- The Washington Times - Wednesday, January 8, 2003

The mosquito-borne West Nile virus is in North America to stay, and residents here and around the country will have to make some changes in the way they enjoy the outdoors, national health officials said yesterday in Fairfax.
"The virus is here, and it's going to stay. It's endemic in this region. They're going to have to get into a mode of, 'This is something we'll have to deal with year after year,'" said Robert G. McLean of the Department of Agriculture's National Wildlife Research Center in Fort Collins, Colo.
Mr. McLean was one of several national health and science officials who met in Fairfax to discuss the outbreak.
The first confirmed evidence of the mosquito-borne virus in the United States was a dead crow found in New York in 1999.
Since then, the virus which can be fatal to humans, like the elderly or the very young, with weakened immune systems has spread dramatically, raging through the country's bird population.
In the past year, there was "the largest outbreak of an arboviral meningitislike disease that has occurred in the Western Hemisphere," said Charles S. Apperson, professor of entomology at North Carolina State University.
"What happened in 2002 is, the virus literally exploded," he told the assembled local health and public works officials and mosquito control experts.
West Nile virus killed 246 persons nationwide in 2002, and infected 3,873 more in 40 states, including Maryland, Virginia and the District. There were 31 human cases in Maryland and six deaths, 28 cases and two deaths in Virginia, and 37 cases along with two deaths in the District.
"The transmission of the virus is much more extensive than the public really realizes," said Mr. Apperson."In four years, it practically exceeded all other arboviral diseases that happened over 40 years, so it's a pretty significant event."
The most severe symptoms of the West Nile virus are similar to St. Louis encephalitis, a swelling of the brain so much so that West Nile infections were mistakenly diagnosed as encephalitis when it first appeared four years ago. But in 40 years, there have been only 4,600 cases of St. Louis encephalitis in the country.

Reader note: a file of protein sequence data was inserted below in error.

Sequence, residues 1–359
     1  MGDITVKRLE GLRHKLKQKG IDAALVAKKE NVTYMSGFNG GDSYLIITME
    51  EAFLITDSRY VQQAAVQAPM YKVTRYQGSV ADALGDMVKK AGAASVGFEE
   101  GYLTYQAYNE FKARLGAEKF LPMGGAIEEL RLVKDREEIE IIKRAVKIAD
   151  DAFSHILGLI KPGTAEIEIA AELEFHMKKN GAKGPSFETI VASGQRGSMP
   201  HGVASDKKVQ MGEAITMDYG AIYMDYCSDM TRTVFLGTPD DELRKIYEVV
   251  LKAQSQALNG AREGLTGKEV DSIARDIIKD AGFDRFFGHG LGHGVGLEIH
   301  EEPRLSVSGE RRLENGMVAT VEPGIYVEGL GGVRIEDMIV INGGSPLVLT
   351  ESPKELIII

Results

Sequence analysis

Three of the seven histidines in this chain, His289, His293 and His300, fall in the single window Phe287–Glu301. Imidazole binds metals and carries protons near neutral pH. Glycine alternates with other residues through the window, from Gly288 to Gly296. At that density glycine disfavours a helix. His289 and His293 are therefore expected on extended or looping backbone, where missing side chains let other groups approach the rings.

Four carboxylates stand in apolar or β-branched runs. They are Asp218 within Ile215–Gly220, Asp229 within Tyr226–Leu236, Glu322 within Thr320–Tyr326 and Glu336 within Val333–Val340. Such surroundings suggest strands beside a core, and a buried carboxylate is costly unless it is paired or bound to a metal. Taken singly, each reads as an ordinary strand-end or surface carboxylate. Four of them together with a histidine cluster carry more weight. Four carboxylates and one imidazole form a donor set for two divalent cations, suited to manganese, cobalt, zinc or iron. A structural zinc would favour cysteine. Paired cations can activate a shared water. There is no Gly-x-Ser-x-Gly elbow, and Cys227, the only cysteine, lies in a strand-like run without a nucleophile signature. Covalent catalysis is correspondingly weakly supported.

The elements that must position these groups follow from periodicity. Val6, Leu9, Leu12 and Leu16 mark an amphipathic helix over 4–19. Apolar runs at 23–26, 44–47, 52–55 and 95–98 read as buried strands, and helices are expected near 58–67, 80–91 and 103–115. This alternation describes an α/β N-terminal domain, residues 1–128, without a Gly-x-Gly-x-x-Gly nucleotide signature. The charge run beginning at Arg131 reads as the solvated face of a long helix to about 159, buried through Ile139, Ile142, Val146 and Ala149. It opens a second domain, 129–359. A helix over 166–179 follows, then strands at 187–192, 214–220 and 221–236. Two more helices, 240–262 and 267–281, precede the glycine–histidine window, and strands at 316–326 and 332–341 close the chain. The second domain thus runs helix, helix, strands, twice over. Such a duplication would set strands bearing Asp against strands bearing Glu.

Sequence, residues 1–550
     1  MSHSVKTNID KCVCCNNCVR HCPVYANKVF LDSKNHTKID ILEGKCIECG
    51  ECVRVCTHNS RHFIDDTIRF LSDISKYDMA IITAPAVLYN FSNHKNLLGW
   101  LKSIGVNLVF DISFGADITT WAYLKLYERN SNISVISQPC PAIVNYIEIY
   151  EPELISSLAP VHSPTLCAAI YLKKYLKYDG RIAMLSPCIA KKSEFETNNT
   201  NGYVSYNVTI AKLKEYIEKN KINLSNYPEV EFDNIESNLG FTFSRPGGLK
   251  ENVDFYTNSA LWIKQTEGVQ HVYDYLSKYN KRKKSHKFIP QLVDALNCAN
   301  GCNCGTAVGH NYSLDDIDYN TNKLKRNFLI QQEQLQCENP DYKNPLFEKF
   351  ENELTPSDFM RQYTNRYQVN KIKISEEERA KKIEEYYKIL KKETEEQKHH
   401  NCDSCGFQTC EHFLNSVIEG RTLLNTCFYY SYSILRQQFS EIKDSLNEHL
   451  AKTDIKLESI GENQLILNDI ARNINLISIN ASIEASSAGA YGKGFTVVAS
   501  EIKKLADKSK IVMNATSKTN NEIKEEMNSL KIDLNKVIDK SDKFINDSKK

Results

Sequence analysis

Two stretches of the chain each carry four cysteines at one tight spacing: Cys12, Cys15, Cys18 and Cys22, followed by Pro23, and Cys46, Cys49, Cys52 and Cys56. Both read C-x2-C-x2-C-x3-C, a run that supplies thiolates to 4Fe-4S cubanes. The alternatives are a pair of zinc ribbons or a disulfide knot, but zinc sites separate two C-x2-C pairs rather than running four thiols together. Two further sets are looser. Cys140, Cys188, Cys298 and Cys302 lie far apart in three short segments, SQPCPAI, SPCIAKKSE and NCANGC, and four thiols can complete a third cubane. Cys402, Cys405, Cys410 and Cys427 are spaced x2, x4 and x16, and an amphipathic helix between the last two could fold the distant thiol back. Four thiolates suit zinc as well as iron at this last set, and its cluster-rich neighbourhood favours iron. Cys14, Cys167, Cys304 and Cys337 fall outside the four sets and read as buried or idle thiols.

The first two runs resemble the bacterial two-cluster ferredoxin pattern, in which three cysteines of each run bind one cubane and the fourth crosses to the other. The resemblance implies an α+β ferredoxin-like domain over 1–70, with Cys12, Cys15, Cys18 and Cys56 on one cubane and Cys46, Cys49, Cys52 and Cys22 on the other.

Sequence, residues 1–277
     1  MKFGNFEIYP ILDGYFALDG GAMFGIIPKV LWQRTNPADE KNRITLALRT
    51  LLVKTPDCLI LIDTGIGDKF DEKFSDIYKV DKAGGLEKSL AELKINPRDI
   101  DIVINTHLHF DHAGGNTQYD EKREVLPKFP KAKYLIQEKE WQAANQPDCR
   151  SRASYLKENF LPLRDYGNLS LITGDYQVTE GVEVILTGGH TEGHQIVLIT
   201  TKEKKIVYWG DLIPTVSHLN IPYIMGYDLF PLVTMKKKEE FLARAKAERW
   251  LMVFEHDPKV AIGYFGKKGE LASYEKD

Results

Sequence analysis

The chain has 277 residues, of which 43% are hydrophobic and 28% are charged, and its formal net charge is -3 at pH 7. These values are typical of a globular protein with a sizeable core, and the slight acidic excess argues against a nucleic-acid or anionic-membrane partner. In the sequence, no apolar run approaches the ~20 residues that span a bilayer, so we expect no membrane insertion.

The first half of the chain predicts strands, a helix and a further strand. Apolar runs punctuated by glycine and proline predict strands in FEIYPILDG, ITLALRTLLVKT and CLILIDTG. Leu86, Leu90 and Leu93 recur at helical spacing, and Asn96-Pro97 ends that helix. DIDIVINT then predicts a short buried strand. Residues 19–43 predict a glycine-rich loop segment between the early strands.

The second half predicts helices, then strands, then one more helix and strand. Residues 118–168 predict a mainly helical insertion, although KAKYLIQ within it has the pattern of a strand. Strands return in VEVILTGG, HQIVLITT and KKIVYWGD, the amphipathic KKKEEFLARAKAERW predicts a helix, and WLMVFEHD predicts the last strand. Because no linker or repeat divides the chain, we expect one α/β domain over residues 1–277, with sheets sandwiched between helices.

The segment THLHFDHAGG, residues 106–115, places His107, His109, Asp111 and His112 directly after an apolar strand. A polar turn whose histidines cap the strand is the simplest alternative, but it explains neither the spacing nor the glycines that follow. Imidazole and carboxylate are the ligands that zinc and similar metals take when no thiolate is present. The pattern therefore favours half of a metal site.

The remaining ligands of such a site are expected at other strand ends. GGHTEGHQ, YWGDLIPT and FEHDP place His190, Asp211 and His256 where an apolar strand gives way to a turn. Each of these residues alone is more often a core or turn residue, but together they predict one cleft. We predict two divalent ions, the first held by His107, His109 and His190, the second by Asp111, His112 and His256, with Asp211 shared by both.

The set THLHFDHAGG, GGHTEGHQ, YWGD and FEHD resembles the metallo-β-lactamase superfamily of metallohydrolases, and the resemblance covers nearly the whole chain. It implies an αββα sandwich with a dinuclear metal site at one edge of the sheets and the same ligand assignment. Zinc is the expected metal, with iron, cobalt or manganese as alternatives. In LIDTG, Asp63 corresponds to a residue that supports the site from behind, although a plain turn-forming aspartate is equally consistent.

In four years, there have been 4,014 cases of West Nile virus.
Most of those cases produce only minor symptoms. "Most of the infections are subclinical. You may get a headache or a slight fever. Most of the infections there aren't any symptoms," said Mr. McLean.
However, the virus has had a significant negative effect on some animal populations, particularly birds like hawks, owls, crows and blue jays. About 138 species of birds have been reported to the Centers for Disease Control and Prevention as having specimens infected with the West Nile virus.
"It's a legitimate concern, and it's going to take a long time for some of these bird populations to recover that are being hit hard by the virus," said Mr. Apperson.
Horses, bats, chipmunks, skunks, squirrels, and even alligators have also been infected. More than 14,000 horses fell ill nationally last year. Mr. Apperson said that as the problem becomes a state issue, it will need more attention and funding.
"Unfortunately, because of the hard times we are in, I think it's being taken too lightly, that we need more money into mosquito control and mosquito surveillance than we are getting right now," he said.
Scientists expect the virus to reach the West Coast this year.
"They have high populations of mosquitoes that feed both on birds and on people, and so they're going to get hit pretty hard this next year," Mr. Apperson said. Scientists expect the virus to reach the West Coast via infected birds who flew south to Mexico this past fall and infected birds who will then migrate north to the West Coast this spring.
West Nile is active from June to October, and peaks during late September. Its ability to stay active despite cold weather, possibly through migratory birds, has made it one of the "big questions" for scientists.
To protect against infection from West Nile virus, scientists said residents should eliminate standing water near or around their residences, report dead birds to health officials, and share information with neighbors.


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